Thanks,

    Will
    "I am an anarchist." - HCB
    "I wanna be anarchist." - JR

  6. #6
    Will S's Avatar
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    Quote Originally Posted by juan
    I would disagree with the concept implied by the use of the word "capture" with photographic materials. One captures an image on a CCD or other electronic device and what information is there is there. It can only be left alone or manipulated post camera with a computer.

    OTOH, one makes a negative - a two step process involving exposure and development, each having a place in creating the image on the negative. Where does proper exposure and development end and photographic art begin?

    juan
    Your last paragraph reminds me of the article from the two people who basically discovered and named the "characteristic curve." I believe they said something like "making pictures is an art, but making proper exposures is a science."

    Thanks,

    Will
    "I am an anarchist." - HCB
    "I wanna be anarchist." - JR

  7. #7

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    Quote Originally Posted by Will S
    <snip>Unless you are thinking of the cut paper, and I always thought that was done like a photogram and placed on top of the photo paper for exposure.</snip>
    Sommer took plain brown wrapping paper off a roll, cut 'pleasing shapes' out of the paper with an exacto knife and then lit the wrapping paper and photographed it. I have a small book of his at home showing many of his cut-paper abstracts and he also describes the process of making them.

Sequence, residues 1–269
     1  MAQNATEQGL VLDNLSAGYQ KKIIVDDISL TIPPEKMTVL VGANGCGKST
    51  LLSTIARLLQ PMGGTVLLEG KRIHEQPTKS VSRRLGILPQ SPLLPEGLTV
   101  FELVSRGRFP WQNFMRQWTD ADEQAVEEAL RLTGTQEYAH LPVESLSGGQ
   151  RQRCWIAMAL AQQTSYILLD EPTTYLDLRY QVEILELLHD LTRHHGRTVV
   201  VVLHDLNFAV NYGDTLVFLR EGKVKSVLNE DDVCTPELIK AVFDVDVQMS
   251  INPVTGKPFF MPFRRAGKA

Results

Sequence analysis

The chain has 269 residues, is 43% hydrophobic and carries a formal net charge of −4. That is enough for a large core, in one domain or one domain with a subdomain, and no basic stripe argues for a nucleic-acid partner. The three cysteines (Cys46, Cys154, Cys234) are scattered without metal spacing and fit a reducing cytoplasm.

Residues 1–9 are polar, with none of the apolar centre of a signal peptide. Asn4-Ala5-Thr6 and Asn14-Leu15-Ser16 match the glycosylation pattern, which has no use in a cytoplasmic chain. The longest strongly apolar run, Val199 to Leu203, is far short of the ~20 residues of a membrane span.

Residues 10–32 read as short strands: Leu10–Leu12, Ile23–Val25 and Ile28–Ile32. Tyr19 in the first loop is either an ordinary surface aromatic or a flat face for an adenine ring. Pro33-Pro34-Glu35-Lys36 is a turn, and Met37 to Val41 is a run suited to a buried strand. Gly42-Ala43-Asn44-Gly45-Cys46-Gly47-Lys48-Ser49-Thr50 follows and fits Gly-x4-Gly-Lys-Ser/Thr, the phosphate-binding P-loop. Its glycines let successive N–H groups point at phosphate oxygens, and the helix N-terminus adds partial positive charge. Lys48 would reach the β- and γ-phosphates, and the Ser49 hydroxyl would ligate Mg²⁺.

As for your thread title, I have gotten pretty bored over the years with all this concern and debate over process - people can get into that if they want but I find it a lot less interesting than the art itself. I am a lot more interested in the final result that comes out of it. I do 'traditional photography' (chemical-based b&w) but if I like the image I don't necessarily object to the technique. Unless it was digital, then of course the final result cannot be any good, however<g>.

    If someone wants to manipulate a negative and pull an image from it, I don't really care. If I like the final image, that is good enough for me.

    -R

  8. #8
    jd callow's Avatar
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    I was reading a bunch of British Photographic Journals from the late 1860-1870's and they were appalled by photographers who took, paint or pencil to their neg's. They went so far as to recommend to an annual french exhibit to have the judges require submission of the glass plate with the print entry so as to validate the print was in fact a photograph.

    *

  9. #9